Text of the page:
We climbed into a van (aka “The Shaggin’ Wagon” because of its furry interior) and took a short ride to a small runway. Once we got out, we saw a REALLY small plane waiting for us:
The plane could only hold five people — the pilot and two pairs of
jumpers — so Andrew had to part ways with us and go up in a different
plane. We weren’t too happy about that, but we had no choice.
Another thing I wasn’t thrilled about was that my video was being filmed BY my instructor. No offense to him, but I was hoping that a third person would jump out of the plane with us and get a shot from 10 or 20 or 50 feet away…but no, my instructor simply had a camera attached to a sturdy velcro strip around his wrist. THAT’S how he was filming me. Bleh.
The inside of the plane was so small that I had to sit right next to the pilot with my back against the front of the cockpit:
The inside of the plane was about four feet wide, four feet high, and eight feet long. (Kind of like my old studio apartment.) It was totally cramped and uncomfortable, but that was all part of the fun.
There was a bumper sticker inside the plane which pretty much summed up my day:
We were high in the sky at this point. Joe was wearing an altitude gauge on his arm and got a shot of it as we reached 5,000 feet.
We were above the clouds. This was the view:
I considered the possibility that our pilot could have a heart attack, or that our plane might run out of fuel and begin to nosedive, but it didn’t worry me because we had parachutes! Ha-HAAAA!!!
Jona, as brave as she was to go through with this, was still nervous:
Meanwhile, I was just chillin’ and checking out the view:
When we reached an altitude of roughly 10,000 feet, Joe told me to unbuckle my seatbelt and get ready. I struggled to remember what the Brazilian guy had told me half an hour earlier…about how I had to move slowly…and not bump the pilot…and try to stay calm. That last part was easy…
…because I was so READY for this experience. I can’t describe it any other way. What was there to be nervous
about? I’d been waiting my whole life to do it. Hundreds of thousands
of people had done it before me. What was the big deal? It was only gravity. It’s not like I was gonna have to do algebra while falling. All I had to do was…fall and enjoy it.
Joe had hooked himself onto me at that point, and he had checked and re-checked and re-re-checked the harness once again. Then he handed me my safety goggles, which had been tucked into a compartment behind my right shoulder.
It was showtime.
He opened the door of the airplane. The 90-mph wind whipped against my face. We were high above the clouds, and that’s when it hit me: HOLY SH*T!!! That’s when it felt most real. That’s when I felt most alive. Up until that moment, I’d been aware that my heart wasn’t beating any faster than normal, but then the adrenaline kicked in. (Same thing with Leno. Everyone assumed that I was crapping my pants, but I wasn’t nervous at all. Just pumped up.) I was SO looking forward to the sensation of free-fall…thirty seconds of it. Yes yes yes!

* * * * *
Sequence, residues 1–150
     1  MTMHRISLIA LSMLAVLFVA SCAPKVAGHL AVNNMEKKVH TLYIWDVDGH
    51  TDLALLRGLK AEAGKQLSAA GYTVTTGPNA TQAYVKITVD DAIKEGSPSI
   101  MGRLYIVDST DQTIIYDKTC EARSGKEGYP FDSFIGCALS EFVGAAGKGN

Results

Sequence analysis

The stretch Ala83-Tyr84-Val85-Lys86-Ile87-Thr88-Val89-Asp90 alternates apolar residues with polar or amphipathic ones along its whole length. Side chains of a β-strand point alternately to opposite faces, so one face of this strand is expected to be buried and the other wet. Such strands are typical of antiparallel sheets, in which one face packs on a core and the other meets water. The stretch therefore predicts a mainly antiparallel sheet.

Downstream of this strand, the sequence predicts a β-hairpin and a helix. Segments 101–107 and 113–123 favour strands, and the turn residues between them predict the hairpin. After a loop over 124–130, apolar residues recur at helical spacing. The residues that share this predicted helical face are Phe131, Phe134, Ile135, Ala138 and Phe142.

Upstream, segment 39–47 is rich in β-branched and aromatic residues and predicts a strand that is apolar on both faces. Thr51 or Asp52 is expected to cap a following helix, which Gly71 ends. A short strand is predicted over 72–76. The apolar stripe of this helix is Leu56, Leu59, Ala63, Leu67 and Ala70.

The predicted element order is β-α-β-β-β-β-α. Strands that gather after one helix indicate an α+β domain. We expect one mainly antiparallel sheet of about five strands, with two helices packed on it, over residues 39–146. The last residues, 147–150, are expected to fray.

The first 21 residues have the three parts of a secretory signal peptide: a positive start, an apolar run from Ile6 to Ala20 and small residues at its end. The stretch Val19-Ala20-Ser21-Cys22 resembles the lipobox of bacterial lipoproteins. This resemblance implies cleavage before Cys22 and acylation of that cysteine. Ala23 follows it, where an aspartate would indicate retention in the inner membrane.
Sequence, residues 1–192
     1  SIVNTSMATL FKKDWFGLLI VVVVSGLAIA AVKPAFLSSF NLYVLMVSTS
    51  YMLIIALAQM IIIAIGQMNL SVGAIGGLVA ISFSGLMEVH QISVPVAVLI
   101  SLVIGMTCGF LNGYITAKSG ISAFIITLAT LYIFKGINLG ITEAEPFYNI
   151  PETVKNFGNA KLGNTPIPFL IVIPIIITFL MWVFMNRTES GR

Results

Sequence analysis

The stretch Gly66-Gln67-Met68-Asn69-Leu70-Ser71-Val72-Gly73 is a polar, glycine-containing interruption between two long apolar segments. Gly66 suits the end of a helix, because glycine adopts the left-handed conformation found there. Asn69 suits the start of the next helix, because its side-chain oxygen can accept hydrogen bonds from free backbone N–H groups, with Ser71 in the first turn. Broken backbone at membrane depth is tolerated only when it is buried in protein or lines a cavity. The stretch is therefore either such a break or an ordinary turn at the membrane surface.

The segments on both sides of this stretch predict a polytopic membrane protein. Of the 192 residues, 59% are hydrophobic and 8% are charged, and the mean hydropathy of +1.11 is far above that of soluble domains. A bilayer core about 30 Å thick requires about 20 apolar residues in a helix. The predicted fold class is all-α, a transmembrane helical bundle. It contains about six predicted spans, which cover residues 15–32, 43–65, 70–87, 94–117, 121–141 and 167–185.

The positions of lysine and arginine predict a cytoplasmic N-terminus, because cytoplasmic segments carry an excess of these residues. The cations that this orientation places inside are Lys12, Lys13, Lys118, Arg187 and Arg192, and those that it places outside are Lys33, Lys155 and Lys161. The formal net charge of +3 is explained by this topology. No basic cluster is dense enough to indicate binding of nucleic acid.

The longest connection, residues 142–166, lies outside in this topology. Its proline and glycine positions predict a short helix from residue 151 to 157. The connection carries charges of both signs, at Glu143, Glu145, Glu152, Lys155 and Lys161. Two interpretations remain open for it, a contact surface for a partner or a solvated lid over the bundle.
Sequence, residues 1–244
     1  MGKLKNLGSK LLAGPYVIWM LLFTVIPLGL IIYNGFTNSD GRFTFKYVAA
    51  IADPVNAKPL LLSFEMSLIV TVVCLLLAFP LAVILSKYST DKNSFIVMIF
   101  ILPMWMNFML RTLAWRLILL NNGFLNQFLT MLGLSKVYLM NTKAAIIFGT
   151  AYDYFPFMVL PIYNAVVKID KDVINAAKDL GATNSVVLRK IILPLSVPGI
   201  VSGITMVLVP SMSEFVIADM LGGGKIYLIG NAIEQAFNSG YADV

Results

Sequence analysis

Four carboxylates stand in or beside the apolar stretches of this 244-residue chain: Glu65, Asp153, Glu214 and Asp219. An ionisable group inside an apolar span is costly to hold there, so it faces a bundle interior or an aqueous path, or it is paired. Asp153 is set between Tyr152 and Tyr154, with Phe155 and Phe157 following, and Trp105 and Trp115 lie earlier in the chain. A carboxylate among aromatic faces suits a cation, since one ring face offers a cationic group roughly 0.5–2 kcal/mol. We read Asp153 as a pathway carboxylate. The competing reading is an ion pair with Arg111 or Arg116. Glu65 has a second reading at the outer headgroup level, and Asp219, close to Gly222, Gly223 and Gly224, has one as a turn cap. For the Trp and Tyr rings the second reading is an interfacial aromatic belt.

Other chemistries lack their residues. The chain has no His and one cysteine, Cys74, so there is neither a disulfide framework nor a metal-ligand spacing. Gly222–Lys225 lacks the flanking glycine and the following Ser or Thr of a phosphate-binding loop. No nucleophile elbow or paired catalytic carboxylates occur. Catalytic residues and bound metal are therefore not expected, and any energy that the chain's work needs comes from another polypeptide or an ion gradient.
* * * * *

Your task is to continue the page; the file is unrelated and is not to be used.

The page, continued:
We leaned out the door…
…and I fought the wind while trying to stabilize myself by placing my right foot on the little step outside. I was truly stepping out of the plane. It went against every possible instinct, but I wanted to do it, and I knew it was going to be okay, and then…we were off:
Now…you might not believe what I’m about to say, but in all seriousness, I was disappointed by the free-falling. I thought it was boring. We were so high up that the view barely changed, so it didn’t even look like we were falling, and as for the physical sensation, it was a big letdown. I wanted to feel weightless, like I was floating or falling or cutting through the air, but it wasn’t like that at all. The air resistance was pushing fiercely against my face and chest and arms and legs, and as for my back…well, all I felt was the constraint of the harness, so it wasn’t a freeing sensation at all. And it was loud as hell. And the rapid change in pressure hurt my ears.
Still, it was pretty cool just to KNOW that I was falling. In the four-part photo below (starting on the top left and then going clockwise), I’m 1) soaking in my first glimpse after leaving the plane, 2) yelling “Yeeeeeaaaaah!!!” 3) thinking happy thoughts, and 4) holding my nose and blowing out air to unclog my ears.
This was my reaction after the parachute deployed and we began floating earthward:
Don’t get me wrong. I loved it. It’s just not what I expected.
This was the view looking straight down:
The best part of it — better in my opinion than the free-falling — was when Joe had me hold the straps that controlled the parachute and then told me to pull down on one of them. The result was that we spun around REALLY fast. It felt like one of those amusement park rides that makes you dizzy, and best of all, we were still a couple thousand feet high. Here’s my critique:
A few minutes later, Joe was guiding us down for a gentle landing:
Then he handed me my certificate:
Here’s a look at the certificate. Kinda budget, but cute:
The certificate was pre-printed to say that we jumped at 10,000 feet, but we actually went 1,000 feet above that. I’m not sure why. I think it had something to do with the wind currents.
Joe kept filming…